Q: You earlier this year released your newest studio album “2020 Vision”, which is a critical- and somewhat cynical perception of the world we’re living in, which you shared with your fetish instrument, the violin (Kev)! What did you try to exorcise or simply share with your audience? And how do you transpose the themes into music?
Matt: The album I released before “2020 Vision” was my first real foray into anything directly political in my music. What I would say is that “Crumbs” tried to reason with the world without preaching. “2020 Vision” decided to ‘take the piss’, humour is the last resort, both for my own personal sanity, and as a positive weapon to question things. Again, I didn’t wish to preach. Any song or lyrics that started to sound like ‘I think this, you should too’ would be vetoed, and in fact never really entered the picture. I have no wish to ram my views down other people’s throats. These were personal-political, these were my open letter to the world. “Crumbs” tried to cajole, occasionally, but was more a mixture of my anger at, and hope for the world. “2020 Vision” need to sound upbeat, and with the distance of awry look at the world. Imagine me and Kev (my violin) sat on a fence watching the world trying to make a wall out of leaves, standing on bricks to do so.
As for transposing themes into music, it is something only experience has enabled within me. I could never ‘write to order’ as a younger artist. Stuff just came out. Then I shaped it to have form, and went with the direction the music suggested to me. With “2020 Vision”, I wanted upbeat, a comic lilt and a heavy undertone to it. So I kept writing and shaping until I had sculpted that.
Q: I’m always a bit reticent when artists are transposing political themes into their work, but at the other side musicians can be also a kind of gatekeepers to protect human values! How does it feel for you and how did you see yourself evolving over the years?
Matt: I’ve always had an interest in politics, in current affairs, in the way we live our lives and treat others. From the beginning of my musical career there have been threads of this; stories of people who inspired me with their cleverness, their altruism, kindness, their strength; people’s endeavor, our enquiring, beautiful, and sadly destructive nature. I never wanted to bring politics, party politics, preaching of any kind into my music. I went to my studio, shut the door, and with each new album tried to make my own perfect little world in miniature, where every strand was beautifully and intricately connected to another, where there was beauty and harmony and a ‘fuck the world outside’ shrug, just for those moments.
But the bad smell of rising populism, the idiocy and tiny-island thinking (to my mind) of the UK with Brexit, of the chancers taking power offering all but unable (and disinterested) to deliver anything positive to the world, simply asset-strippers of rights, wealth and power, with the new Wild-West of the digital age, I could not block it from my music. I didn’t choose to let it in. It overwhelmed me. My music turned more punk and angry, because to me it felt like massive alarms were going off all around the world, with people impervious. Like the sickest of silent discos.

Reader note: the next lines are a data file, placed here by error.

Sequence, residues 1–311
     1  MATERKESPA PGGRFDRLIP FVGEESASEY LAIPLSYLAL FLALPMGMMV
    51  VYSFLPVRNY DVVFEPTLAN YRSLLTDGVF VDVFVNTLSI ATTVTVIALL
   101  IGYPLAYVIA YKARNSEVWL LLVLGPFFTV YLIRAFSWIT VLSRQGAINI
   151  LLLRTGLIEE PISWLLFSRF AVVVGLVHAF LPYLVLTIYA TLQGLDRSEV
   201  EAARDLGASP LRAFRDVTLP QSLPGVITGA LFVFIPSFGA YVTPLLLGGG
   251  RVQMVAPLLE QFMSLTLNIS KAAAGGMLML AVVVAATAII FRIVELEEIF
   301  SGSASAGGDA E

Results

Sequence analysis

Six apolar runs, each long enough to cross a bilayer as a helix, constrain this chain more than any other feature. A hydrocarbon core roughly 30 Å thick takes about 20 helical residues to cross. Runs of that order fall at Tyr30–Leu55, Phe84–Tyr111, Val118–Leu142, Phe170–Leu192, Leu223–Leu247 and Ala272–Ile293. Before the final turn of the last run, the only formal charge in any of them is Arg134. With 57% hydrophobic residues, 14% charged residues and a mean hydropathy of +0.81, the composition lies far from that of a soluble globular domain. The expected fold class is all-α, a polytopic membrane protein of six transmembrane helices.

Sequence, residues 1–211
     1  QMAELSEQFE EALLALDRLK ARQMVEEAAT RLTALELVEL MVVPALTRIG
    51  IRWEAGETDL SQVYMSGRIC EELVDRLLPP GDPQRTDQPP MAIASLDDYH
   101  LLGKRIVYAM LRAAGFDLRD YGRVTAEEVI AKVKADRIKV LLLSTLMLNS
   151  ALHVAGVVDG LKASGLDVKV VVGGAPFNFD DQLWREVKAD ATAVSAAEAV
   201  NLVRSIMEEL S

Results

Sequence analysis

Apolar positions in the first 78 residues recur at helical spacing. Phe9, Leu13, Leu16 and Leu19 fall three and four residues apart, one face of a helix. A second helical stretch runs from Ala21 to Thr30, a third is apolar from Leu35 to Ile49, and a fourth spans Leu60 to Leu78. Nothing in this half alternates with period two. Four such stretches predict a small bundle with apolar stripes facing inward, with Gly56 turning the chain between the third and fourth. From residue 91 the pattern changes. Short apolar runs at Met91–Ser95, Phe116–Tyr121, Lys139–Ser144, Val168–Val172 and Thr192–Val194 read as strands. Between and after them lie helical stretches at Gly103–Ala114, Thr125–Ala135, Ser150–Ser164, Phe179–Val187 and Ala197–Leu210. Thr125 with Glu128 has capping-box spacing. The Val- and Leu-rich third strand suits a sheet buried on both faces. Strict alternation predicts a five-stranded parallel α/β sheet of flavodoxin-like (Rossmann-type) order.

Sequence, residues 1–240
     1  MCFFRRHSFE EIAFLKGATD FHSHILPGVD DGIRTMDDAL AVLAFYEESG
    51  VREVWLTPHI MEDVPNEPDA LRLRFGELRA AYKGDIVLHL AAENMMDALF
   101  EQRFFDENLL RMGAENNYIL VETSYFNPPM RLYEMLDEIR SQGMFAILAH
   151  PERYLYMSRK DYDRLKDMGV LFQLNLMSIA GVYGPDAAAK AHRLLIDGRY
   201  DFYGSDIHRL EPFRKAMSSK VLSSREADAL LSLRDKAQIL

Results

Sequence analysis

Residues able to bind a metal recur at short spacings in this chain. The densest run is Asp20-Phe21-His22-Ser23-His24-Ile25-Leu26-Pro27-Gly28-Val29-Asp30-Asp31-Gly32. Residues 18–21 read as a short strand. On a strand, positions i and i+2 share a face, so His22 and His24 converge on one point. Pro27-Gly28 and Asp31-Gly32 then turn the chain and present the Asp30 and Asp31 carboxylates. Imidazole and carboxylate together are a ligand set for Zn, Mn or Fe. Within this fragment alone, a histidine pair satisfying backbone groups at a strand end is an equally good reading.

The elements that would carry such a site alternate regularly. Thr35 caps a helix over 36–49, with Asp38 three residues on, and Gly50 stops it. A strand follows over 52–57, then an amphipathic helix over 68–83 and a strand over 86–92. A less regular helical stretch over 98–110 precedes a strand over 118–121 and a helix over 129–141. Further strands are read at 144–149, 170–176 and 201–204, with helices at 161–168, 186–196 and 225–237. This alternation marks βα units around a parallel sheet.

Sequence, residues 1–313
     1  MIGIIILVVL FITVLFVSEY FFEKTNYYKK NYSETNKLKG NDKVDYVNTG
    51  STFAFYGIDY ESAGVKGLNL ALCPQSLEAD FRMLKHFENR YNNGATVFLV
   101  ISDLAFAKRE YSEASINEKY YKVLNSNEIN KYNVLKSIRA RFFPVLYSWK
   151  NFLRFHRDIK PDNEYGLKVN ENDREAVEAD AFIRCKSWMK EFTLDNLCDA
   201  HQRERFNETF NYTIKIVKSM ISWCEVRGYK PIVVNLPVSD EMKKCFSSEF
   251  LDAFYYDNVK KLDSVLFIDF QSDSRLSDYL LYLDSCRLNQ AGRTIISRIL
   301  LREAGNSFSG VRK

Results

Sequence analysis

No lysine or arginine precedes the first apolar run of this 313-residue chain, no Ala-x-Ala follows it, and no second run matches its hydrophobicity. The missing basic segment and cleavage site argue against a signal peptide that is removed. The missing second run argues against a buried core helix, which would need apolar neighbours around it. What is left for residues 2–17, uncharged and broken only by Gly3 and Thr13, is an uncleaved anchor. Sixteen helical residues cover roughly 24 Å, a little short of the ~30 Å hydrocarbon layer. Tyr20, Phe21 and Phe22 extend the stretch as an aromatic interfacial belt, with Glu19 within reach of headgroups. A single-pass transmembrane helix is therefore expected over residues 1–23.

Q: It remains nearly impossible to label your music, which according to me rather sounds as the offspring between multiple influences. But your way of playing the violin also remains a very unique experience. What are your main sources of inspiration and eventually references?
Matt: My main asset appears to have come from the teenage stubborn me. At fifteen, at school, I would play football EVERY dinner time, every break etc etc. When the field was mud-pit and the rain heavy and we weren’t allowed, I would sit in the music room with a couple of mates. They’d play stuff on bass and keyboards. I’d join in a bit, eventually. It seemed quite easy to find the notes and the notes that went, but almost impossible to do it at the right time! Occasional attempts at this turned into practicing round at someone’s house, with someone’s brother’s friend, because they had an amplifier. This culminated in my first ever ‘concert’ – fifteen minutes of badly played Stranglers covers, out of a bedroom window to ten grannies, queuing on the street for a Jumble Sale. I loved the playing, the experience. But somehow vowed to myself that I was going to learn music entirely myself, without learning other people’s songs, or the way you are ‘supposed’ to do it. No teacher, no coping of things I liked to work out how they did it. Just play, and improve what I can in my playing and composition, and see where I could go from there. I suppose the thing I was most drawn to in other people’s music was where I liked dexterity and creativity in the words. And music with a darker edge.